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EnglishEdit

EtymologyEdit

From owl +‎ -let. Compare howlet.

NounEdit

owlet (plural owlets)

  1. diminutive of owl
    • 1595, George Peele, The Old Wives’ Tale, The Malone Society Reprints, 1908, lines 51-54,[1]
      And in faith Sir unlesse your hospitalitie doe releeve us, wee are like to wander with a sorrowfull hey ho, among the owlets, & Hobgoblins of the Forrest []
    • c. 1605, William Shakespeare, Macbeth, Act IV, Scene 1,[2]
      Adder’s fork and blind-worm’s sting,
      Lizard’s leg and owlet’s wing,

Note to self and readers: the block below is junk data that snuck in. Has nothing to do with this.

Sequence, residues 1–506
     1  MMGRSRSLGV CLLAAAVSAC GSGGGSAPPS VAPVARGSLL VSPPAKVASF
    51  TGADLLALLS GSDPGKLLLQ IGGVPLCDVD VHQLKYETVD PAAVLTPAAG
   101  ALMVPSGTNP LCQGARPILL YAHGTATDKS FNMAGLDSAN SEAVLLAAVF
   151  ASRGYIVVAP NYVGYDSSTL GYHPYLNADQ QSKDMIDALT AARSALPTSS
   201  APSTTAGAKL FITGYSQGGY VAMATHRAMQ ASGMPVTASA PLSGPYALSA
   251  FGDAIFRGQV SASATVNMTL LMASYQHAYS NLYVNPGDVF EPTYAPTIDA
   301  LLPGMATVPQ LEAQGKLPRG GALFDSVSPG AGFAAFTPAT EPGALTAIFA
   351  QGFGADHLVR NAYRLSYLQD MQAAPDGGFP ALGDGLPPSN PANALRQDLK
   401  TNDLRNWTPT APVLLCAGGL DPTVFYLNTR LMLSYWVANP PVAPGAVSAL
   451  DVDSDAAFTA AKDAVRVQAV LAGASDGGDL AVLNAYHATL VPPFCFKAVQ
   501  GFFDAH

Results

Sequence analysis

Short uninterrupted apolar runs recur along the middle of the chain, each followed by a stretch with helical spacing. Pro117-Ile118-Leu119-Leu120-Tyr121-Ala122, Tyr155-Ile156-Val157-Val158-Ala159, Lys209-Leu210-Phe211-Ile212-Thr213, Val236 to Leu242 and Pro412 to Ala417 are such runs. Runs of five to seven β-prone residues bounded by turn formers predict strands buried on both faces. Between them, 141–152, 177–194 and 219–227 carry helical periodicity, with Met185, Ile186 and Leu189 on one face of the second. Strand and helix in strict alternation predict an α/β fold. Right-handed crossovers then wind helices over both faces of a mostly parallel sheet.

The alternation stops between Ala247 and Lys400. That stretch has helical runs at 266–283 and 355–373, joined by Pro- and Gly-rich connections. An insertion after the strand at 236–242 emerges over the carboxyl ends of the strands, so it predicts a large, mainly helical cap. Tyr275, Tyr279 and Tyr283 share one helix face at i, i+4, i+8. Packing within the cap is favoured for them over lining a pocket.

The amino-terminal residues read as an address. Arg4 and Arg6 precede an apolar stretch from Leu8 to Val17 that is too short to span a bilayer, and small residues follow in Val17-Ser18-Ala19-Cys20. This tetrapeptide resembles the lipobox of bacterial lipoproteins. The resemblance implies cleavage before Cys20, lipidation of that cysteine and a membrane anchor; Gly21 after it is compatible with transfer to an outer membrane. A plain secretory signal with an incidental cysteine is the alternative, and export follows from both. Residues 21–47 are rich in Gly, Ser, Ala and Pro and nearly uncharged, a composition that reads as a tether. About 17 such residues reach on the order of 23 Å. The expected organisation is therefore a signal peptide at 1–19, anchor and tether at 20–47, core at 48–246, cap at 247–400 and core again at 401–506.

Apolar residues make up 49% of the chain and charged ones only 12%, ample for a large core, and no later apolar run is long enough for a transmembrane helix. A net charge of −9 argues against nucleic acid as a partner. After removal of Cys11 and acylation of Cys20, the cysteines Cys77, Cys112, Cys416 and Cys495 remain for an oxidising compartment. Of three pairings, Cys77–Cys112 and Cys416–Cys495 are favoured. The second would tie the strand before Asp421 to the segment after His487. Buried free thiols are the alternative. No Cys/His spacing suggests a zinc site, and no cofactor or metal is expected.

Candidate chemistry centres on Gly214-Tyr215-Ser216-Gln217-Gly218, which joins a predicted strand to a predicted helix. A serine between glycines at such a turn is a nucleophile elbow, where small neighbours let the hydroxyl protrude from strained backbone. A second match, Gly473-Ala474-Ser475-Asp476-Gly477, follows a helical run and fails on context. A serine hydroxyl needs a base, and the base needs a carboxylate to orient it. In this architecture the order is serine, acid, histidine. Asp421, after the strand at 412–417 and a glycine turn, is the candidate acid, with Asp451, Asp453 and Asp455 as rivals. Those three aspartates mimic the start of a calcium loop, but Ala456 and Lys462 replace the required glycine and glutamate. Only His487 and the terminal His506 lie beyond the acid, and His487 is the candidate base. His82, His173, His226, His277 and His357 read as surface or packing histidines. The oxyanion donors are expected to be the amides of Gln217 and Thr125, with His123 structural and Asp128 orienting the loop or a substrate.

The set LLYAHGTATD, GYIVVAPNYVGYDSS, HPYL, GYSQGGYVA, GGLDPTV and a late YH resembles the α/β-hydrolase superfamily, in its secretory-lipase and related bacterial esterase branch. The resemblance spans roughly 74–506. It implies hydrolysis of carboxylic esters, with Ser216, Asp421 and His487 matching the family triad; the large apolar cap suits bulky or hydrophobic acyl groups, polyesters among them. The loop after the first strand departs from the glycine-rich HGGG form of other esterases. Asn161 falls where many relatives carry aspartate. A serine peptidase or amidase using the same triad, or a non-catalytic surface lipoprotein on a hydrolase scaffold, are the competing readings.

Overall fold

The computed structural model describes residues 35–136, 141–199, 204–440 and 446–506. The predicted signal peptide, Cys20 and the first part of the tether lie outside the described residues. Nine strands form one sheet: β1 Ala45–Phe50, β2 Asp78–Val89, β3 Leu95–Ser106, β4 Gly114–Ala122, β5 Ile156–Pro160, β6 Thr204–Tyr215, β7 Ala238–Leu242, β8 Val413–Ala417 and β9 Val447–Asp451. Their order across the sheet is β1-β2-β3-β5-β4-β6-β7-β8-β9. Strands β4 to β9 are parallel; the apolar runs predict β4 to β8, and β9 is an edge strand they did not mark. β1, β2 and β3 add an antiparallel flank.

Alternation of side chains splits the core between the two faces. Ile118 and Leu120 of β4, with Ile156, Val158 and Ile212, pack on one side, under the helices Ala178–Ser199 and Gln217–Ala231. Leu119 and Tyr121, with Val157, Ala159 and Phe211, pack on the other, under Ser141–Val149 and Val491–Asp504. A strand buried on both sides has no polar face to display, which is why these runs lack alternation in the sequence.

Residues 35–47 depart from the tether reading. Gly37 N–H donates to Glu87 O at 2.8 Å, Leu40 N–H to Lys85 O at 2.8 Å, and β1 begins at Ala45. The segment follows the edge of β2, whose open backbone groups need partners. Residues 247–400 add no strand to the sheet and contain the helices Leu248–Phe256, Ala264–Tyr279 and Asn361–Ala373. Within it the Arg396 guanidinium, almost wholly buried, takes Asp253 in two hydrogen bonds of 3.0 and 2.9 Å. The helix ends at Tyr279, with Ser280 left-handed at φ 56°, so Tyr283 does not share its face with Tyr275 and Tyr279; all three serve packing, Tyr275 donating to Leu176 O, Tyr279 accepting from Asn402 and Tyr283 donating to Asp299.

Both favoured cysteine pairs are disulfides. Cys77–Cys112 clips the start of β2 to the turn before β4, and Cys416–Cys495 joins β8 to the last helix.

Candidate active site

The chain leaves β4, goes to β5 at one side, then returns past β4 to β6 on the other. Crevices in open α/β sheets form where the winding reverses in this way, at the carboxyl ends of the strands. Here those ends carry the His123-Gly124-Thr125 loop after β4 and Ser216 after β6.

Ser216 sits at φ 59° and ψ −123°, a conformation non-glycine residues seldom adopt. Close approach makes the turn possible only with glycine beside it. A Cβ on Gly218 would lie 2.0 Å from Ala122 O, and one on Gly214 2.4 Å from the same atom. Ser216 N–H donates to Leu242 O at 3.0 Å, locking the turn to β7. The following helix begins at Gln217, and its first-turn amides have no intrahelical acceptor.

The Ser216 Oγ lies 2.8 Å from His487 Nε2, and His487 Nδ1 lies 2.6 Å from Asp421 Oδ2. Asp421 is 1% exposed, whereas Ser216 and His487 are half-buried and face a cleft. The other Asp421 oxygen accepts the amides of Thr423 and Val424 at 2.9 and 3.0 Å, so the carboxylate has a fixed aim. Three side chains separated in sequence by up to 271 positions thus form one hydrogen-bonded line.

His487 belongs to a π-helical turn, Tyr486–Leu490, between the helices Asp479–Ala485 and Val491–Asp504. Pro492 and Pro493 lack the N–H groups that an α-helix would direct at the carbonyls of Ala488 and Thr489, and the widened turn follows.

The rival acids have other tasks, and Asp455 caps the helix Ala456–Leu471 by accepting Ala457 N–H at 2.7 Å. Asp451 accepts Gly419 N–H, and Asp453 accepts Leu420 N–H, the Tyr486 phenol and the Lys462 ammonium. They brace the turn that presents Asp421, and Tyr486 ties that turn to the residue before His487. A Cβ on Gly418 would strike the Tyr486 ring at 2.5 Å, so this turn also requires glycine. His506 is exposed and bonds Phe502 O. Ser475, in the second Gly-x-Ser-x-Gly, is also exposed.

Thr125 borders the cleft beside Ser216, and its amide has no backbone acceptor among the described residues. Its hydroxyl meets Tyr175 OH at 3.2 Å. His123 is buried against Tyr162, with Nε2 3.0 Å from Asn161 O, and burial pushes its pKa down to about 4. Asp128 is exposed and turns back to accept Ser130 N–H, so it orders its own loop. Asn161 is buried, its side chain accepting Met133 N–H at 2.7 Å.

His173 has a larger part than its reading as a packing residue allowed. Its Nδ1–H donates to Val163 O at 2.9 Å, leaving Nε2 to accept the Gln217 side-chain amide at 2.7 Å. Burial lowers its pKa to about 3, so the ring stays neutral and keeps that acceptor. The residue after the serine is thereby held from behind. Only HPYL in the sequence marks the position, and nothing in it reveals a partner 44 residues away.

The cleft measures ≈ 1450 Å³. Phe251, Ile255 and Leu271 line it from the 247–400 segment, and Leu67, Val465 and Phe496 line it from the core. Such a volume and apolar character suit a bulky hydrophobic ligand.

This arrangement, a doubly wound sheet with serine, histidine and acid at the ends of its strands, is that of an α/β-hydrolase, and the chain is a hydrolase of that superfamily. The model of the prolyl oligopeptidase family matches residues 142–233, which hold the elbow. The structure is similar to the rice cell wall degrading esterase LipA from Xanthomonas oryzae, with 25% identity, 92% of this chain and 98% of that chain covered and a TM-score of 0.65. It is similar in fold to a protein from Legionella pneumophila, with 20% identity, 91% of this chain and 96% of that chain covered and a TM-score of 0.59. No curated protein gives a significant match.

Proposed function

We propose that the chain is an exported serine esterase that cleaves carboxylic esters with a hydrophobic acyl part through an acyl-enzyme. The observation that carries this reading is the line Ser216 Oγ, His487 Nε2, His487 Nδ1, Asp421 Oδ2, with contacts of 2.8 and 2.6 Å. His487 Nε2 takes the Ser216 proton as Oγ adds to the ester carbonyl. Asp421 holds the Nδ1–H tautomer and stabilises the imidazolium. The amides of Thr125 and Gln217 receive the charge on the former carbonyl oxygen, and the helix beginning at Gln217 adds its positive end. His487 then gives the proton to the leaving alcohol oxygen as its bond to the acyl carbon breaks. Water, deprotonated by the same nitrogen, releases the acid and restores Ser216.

For a charm of powerful trouble,
      Like a hell-broth boil and bubble.
    • 1798, Samuel Taylor Coleridge, Fears in Solitude, London: J. Johnson, pp. 4-5,[3]
      [] and bold with joy,
      Forth from his dark and lonely hiding-place
      (Portentous sight) the owlet, ATHEISM,
      Sailing on obscene wings athwart the noon,
      Drops his blue-fringed lids, and holds them close,
      And, hooting at the glorious sun in heaven,
      Cries out, “where is it?”
  2. A young owl; owling.
  3. One of a species of small owls, as
    1. Athene noctua

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